For the second time in less than four years, the silicone market is in upheaval, with demand outrunning capacity, logistical problems clogging supply lines and prices for the versatile elastomer soaring.
At the heart of the problem has been the uncertainty wrought by the pandemic, as major producers of silicone monomer, the building blocks for silicone, have seen demand come back strong with the reopening of the world's largest economy, China, followed by North America.
Add to that a possible $1.2 trillion infrastructure bill being passed in the U.S. and the associated leap in the construction industry where silicone gaskets have wide use, and you have a perfect storm, as one industry expert called it, for the silicone market today.
Thus far, the major producers (Dow, Momentive, Elkem, Shin-Etsu and Wacker) have delayed adding capacity, after saying that capital improvements were a possibility following the first period of silicone market volatility in 2017-18. While most global monomer production takes place in Asia, North American producers have hesitated to over-produce, lest demand falls and prices drop.
The result for many domestic silicone customers is that their product must be imported from Asia, where demand already is skyrocketing, and thus fall victim to high prices, tariffs and supply line challenges, where freighters are waiting to offload product. In other cases, what product there is out there often is waiting for a crate for shipment.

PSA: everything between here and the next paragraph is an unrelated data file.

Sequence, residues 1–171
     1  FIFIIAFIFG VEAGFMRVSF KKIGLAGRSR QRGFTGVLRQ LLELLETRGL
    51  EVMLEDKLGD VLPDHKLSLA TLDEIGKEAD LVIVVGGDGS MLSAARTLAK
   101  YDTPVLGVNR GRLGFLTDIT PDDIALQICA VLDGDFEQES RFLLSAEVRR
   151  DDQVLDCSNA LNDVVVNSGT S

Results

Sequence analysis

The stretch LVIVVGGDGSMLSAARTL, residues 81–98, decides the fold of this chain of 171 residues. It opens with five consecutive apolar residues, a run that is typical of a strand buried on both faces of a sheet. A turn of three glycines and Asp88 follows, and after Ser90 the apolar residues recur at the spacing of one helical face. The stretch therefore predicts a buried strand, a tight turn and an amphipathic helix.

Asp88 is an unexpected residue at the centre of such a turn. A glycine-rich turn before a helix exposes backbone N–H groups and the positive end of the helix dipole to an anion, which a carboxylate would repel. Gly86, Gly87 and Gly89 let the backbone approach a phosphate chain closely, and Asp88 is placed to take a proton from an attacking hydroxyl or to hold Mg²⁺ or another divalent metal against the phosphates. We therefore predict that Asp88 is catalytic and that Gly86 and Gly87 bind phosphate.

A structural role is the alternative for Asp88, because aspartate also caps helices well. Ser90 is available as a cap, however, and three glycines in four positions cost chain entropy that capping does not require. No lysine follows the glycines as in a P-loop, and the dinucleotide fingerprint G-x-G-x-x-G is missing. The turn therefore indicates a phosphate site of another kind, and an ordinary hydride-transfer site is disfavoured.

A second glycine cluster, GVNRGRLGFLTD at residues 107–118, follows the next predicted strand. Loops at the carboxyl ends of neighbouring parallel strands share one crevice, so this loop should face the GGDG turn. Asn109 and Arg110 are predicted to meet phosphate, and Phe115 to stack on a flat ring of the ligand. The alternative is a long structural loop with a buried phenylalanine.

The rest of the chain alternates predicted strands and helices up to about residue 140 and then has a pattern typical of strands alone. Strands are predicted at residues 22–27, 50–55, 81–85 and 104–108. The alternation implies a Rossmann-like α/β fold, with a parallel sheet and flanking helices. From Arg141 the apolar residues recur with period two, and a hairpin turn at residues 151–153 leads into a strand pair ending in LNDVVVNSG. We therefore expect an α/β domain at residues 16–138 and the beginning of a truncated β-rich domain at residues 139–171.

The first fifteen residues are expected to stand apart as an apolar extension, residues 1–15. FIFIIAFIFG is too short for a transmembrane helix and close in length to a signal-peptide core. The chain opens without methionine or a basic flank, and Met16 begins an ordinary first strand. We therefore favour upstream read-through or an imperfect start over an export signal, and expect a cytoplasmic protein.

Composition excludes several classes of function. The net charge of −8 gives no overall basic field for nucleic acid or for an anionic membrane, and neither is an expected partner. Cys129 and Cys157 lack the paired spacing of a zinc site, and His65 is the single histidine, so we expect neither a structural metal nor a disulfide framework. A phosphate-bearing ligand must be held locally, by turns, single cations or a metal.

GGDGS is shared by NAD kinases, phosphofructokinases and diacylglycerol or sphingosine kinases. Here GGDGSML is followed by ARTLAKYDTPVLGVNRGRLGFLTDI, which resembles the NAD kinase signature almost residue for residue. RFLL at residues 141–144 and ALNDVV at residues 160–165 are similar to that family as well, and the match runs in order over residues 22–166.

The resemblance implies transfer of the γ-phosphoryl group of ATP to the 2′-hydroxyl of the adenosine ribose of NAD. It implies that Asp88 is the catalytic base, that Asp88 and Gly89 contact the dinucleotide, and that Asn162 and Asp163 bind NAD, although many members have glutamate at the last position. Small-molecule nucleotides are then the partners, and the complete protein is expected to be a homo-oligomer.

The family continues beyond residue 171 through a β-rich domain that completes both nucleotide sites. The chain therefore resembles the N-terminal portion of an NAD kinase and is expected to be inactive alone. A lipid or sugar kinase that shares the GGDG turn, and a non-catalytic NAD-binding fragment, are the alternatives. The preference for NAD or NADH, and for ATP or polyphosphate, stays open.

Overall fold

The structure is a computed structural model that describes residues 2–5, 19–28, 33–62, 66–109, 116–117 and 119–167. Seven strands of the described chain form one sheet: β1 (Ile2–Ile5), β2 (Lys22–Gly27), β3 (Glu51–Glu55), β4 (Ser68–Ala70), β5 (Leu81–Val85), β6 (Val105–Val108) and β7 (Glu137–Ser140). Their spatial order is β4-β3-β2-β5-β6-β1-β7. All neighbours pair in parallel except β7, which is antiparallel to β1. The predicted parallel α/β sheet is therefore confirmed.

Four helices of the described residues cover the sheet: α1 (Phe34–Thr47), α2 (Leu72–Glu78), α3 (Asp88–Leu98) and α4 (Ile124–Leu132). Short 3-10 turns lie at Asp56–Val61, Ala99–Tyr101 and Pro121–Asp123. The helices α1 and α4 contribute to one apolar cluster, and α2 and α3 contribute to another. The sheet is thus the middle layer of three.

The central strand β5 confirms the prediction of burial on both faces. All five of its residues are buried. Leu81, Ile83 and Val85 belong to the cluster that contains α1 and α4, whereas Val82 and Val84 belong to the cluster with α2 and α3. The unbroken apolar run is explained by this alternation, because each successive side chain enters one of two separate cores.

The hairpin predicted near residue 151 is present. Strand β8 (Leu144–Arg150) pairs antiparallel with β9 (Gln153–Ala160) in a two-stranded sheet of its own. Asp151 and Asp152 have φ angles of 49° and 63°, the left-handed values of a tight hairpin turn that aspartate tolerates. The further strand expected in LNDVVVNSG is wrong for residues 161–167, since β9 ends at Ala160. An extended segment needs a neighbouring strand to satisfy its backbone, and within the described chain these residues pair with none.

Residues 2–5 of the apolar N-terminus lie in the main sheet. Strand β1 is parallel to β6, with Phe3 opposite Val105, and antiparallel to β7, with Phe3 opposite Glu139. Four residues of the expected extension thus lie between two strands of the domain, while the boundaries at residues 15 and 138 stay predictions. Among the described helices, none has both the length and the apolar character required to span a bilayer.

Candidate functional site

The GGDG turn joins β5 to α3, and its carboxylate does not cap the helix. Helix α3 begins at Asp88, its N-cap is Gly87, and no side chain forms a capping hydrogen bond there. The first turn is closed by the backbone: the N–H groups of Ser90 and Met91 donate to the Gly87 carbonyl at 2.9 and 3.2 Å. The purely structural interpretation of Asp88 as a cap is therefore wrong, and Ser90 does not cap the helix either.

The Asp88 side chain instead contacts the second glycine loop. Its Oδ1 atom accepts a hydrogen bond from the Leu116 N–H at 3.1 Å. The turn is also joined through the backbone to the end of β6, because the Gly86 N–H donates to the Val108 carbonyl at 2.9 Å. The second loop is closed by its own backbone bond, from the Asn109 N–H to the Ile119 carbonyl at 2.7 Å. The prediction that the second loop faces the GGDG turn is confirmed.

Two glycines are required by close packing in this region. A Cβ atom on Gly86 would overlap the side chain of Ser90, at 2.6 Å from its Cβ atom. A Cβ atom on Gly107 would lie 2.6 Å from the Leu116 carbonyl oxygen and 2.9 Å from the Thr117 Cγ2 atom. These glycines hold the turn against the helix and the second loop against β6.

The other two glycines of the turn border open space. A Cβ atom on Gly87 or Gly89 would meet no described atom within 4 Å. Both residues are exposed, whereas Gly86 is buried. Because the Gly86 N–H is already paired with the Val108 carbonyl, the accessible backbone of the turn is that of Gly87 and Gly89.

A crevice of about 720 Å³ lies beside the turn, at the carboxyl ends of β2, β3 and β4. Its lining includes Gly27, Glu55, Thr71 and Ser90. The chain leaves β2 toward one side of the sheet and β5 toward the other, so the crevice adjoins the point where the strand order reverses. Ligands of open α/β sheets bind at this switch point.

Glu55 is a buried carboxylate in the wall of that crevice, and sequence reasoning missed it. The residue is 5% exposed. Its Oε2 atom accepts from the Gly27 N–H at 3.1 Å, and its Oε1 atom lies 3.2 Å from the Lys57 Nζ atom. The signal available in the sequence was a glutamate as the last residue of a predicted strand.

If adding capacity is the answer, these major producers cannot do it overnight. Installation of meter mixers—the key equipment that ensures silicone production with the same recipe, every time—often takes a year or more.
One industry expert likened their capacity restarts to a heavy train that grinds to a halt—and then takes time to gain speed and momentum once again.
Had these producers followed through and addressed the capacity problem in 2017-18, perhaps this second wave of market volatility could have been avoided. Conversely, in a capital market, these major producers are asking themselves whether such capital improvements are worth the expense.
But therein lies another problem: Is this second wave being caused by producers playing "catch up," as some have suggested, where demand actually is no higher than three-and-a-half years ago?
Or is it a case where demand is now much higher overall?
Either way, market experts predict that demand for silicone will continue to increase, and this bodes well for a lucrative market—for both fabricators and the major producers.
According to the IMARC Group, the global silicones market reached a value of between $14 billion and $15 billion in 2020, and predicts the silicone industry could reach between $23 billion and $24 billion globally by 2025.
And while the major producers have the right to add or eschew increased capacity, their middle market customers have every right to consider alternate materials that are perhaps not as ideal for certain applications but are more readily available to meet the needs of their own downstream customers.